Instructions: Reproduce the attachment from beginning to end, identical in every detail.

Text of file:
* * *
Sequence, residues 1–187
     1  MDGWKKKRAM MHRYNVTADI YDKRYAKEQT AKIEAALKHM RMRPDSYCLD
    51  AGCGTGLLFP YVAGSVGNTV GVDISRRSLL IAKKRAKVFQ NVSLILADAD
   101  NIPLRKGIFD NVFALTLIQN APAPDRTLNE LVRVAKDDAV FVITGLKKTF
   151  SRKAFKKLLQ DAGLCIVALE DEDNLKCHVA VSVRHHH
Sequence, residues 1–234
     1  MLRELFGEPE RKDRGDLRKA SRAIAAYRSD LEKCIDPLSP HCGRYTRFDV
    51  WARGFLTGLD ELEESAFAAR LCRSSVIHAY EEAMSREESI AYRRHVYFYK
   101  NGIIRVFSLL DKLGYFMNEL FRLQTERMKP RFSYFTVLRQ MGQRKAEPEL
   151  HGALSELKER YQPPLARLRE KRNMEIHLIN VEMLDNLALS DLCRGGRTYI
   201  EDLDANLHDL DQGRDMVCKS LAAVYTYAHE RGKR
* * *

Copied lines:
Sequence, residues 1–187
     1  MDGWKKKRAM MHRYNVTADI YDKRYAKEQT AKIEAALKHM RMRPDSYCLD
    51  AGCGTGLLFP YVAGSVGNTV GVDISRRSLL IAKKRAKVFQ NVSLILADAD
   101  NIPLRKGIFD NVFALTLIQN APAPDRTLNE LVRVAKDDAV FVITGLKKTF
   151  SRKAFKKLLQ DAGLCIVALE DEDNLKCHVA VSVRHHH
Sequence, residues 1–234
     1  MLRELFGEPE RKDRGDLRKA SRAIAAYRSD LEKCIDPLSP HCGRYTRFDV
    51  WARGFLTGLD ELEESAFAAR LCRSSVIHAY EEAMSREESI AYRRHVYFYK
   101  NGIIRVFSLL DKLGYFMNEL FRLQTERMKP RFSYFTVLRQ MGQRKAEPEL
   151  HGALSELKER YQPPLARLRE KRNMEIHLIN VEMLDNLALS DLCRGGRTYI
   201  EDLDANLHDL DQGRDMVCKS LAAVYTYAHE RGKR